Marcus Schmalbach, RYSKEX
1 September 2022ArticleReinsurance

Challenges for the captive insurance industry: a report from the VCIA conference

Over the past several years, an initiative of experts from Vermont’s Department for Financial Regulations (DFR), as well as Rich Smith, former president of the Vermont Captive Insurance Association (VCIA), and experts from the captive insurance industry worked on a project which has now been passed as a section of Vermont’s captive bill.

The VCIA conference featured a discussion titled “Emerging Risks & Parametrics” led by Thomas M. Dawson and Nir Kossovsky. This article reflects on developments in Vermont, as well as key themes from the discussion.

How much insurance does the world need? A risk or captive manager might glibly answer “as much as possible”. A more considered way of answering the question would be to examine the current value of the assets that require protecting, and the scale of losses that might be expected to occur.

In this way, two indicators can be calculated: the penetration rate and the coverage gap. The first could be a comparison between the total value of assets and the total value of insurance cover. But since it is hard to calculate the total value of all assets that exist in the world, the insurance penetration rate is normally expressed as the ratio of premiums paid to gross domestic product.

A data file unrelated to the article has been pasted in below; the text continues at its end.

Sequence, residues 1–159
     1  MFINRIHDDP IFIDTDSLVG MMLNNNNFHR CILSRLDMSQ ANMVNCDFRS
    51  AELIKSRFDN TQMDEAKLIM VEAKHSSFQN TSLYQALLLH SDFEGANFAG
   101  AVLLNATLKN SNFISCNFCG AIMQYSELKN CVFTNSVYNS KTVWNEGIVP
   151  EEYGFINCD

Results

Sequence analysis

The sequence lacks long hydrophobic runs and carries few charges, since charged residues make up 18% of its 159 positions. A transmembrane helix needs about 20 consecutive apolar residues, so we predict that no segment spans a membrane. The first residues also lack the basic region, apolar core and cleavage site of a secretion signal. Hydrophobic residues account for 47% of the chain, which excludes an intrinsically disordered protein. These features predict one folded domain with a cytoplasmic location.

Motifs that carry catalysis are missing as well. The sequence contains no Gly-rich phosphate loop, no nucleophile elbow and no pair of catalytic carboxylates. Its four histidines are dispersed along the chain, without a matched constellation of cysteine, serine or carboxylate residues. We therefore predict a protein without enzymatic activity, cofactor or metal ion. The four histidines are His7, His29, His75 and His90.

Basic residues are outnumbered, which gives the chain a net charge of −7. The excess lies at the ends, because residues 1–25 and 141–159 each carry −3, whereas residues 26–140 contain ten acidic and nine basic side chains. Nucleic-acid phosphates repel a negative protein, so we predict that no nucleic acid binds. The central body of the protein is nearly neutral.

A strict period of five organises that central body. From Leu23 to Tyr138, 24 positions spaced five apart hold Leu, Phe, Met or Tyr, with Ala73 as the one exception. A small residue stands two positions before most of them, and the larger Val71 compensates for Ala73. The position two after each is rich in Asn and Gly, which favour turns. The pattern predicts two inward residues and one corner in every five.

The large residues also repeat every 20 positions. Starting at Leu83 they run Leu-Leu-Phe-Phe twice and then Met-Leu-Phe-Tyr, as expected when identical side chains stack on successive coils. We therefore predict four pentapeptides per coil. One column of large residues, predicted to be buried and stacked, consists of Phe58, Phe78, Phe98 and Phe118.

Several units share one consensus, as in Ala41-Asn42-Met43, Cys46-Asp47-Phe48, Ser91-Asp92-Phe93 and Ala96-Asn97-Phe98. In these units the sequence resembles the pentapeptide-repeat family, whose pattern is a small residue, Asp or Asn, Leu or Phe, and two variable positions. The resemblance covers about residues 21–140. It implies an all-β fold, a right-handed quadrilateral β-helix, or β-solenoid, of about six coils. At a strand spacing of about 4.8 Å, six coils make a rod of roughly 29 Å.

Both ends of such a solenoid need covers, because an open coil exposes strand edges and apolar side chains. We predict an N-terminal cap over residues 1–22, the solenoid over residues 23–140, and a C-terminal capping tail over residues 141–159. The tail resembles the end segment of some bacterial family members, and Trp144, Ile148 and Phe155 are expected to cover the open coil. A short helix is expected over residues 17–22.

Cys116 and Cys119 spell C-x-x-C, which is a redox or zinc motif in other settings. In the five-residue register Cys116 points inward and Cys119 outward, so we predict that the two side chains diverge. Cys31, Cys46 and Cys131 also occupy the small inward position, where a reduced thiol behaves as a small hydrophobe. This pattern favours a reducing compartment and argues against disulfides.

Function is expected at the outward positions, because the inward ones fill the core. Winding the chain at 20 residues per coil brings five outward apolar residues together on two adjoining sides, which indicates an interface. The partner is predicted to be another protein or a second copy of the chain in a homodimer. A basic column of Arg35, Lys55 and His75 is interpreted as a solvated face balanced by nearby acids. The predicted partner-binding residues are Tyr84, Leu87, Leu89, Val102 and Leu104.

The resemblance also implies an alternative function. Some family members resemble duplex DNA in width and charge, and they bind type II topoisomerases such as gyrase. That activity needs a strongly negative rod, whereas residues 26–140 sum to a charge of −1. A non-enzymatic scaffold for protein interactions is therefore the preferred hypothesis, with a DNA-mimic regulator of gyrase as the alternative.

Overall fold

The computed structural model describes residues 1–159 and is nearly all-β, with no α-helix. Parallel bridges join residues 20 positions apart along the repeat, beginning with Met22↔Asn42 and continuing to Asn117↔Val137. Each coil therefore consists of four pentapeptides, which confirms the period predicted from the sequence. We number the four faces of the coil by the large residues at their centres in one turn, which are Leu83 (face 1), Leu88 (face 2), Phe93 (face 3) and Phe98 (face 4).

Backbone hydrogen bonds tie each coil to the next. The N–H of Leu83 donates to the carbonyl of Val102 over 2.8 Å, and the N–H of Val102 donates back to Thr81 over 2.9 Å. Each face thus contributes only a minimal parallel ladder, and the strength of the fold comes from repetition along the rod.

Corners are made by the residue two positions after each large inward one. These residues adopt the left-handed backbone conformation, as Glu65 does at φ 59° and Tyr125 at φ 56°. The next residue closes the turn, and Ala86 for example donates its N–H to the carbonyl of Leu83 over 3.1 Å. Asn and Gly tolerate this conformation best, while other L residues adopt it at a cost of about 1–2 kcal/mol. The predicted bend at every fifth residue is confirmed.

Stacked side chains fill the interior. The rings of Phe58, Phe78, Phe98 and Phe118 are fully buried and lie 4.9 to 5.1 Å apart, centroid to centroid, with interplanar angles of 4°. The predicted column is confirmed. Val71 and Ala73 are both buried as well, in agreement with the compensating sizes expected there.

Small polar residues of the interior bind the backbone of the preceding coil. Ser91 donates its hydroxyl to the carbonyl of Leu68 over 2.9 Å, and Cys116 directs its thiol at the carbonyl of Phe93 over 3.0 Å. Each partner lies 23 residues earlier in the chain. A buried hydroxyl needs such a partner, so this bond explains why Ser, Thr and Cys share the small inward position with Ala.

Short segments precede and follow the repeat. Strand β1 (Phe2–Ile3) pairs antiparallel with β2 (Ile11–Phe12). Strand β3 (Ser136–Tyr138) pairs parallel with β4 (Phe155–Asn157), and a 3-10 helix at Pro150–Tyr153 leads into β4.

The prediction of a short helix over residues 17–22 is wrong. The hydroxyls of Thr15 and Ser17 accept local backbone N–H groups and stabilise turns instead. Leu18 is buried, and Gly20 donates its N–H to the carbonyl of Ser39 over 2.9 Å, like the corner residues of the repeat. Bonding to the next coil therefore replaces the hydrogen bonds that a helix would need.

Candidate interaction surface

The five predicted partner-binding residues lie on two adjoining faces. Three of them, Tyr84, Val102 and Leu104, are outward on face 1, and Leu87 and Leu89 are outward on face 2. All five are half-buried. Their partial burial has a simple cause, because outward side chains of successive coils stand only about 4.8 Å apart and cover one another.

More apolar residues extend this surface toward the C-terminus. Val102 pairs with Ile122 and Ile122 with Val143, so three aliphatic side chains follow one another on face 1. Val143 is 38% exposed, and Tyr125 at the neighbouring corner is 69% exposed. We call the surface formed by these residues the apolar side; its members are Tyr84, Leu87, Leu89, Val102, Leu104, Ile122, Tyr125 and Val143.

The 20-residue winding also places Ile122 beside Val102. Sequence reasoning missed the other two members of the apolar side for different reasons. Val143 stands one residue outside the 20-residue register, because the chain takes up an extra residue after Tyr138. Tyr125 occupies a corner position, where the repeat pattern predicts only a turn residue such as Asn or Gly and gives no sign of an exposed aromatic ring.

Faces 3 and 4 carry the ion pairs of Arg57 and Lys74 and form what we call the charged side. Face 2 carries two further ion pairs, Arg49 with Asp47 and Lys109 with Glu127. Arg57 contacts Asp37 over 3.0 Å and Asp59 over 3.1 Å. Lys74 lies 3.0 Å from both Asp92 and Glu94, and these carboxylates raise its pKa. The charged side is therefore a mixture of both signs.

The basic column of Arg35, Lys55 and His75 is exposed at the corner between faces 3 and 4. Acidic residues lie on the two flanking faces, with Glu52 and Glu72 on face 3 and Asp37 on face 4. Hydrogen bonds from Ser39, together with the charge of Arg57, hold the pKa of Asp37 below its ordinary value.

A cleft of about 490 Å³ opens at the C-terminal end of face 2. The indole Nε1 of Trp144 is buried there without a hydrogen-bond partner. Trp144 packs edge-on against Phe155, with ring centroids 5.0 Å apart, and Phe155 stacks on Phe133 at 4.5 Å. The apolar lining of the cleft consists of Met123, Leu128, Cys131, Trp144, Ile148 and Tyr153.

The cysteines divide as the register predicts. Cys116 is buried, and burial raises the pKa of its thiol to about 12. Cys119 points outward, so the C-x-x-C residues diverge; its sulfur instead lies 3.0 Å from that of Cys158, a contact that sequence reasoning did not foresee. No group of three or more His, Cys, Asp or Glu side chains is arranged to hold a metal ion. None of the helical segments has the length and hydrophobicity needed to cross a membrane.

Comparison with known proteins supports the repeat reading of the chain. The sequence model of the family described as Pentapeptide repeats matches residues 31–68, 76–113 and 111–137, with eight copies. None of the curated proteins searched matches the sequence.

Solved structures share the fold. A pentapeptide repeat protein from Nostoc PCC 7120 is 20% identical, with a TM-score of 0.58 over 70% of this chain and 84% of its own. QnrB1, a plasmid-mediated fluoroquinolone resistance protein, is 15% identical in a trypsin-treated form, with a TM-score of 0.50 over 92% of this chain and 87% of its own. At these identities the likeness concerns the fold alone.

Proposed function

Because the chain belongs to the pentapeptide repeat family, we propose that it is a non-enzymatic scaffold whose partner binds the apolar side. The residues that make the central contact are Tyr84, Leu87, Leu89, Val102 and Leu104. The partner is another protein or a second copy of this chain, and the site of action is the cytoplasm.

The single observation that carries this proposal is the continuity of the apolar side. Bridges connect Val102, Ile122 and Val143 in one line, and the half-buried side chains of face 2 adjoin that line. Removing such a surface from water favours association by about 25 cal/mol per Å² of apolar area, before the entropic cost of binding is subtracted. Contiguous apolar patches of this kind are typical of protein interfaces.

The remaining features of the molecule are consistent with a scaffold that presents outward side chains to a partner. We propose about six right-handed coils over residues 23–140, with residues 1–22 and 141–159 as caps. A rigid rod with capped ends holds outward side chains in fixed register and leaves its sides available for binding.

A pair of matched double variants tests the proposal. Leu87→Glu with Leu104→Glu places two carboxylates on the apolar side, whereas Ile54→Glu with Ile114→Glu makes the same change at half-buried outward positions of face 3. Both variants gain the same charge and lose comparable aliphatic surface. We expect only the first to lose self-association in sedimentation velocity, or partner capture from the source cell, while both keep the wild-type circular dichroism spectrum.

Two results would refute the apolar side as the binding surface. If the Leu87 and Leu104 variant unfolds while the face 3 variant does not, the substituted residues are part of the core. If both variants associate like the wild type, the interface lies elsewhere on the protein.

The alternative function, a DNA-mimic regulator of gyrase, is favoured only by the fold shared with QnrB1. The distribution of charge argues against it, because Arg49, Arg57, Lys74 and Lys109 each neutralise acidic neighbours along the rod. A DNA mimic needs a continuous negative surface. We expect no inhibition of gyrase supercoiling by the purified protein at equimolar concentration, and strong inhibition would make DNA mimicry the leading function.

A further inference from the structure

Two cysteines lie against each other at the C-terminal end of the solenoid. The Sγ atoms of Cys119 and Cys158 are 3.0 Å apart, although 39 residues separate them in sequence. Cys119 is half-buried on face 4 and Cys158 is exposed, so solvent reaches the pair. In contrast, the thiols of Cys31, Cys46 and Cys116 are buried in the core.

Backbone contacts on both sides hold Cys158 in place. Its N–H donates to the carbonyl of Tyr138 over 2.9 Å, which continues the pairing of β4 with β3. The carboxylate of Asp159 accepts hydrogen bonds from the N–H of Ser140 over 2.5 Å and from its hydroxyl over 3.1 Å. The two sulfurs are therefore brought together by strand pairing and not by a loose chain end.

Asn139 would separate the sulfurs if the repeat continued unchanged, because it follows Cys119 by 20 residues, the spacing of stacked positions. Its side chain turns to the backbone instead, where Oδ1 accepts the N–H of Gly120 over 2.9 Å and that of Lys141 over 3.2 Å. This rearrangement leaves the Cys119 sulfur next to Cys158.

For the last decade or so, this has typically been around 3 percent for non-life insurance, according to the Swiss Re Institute. That means that if you viewed the whole world as if it were a single economic entity—Global Inc, if you will—then that company would be spending 3 percent of its revenues on insurance.

What does the truth look like? Let’s go one step further: does the world really have an “all-risks cover” for its balance sheet? The answer is no. On one hand the coverage gap varies quiet markedly by geographic locations. While North America and Europe are mature economies with a reasonable level of cover, other parts of the world are significantly underinsured.

In Asia in 2017 for example, out of total losses of $31 billon, only $5 billion was insured. The developing world is growing faster than the West and this, coupled with the top 4 risks (climate change, cyber, terror/war, pandemic) means that the coverage gap is likely to continue to worsen for the foreseeable future.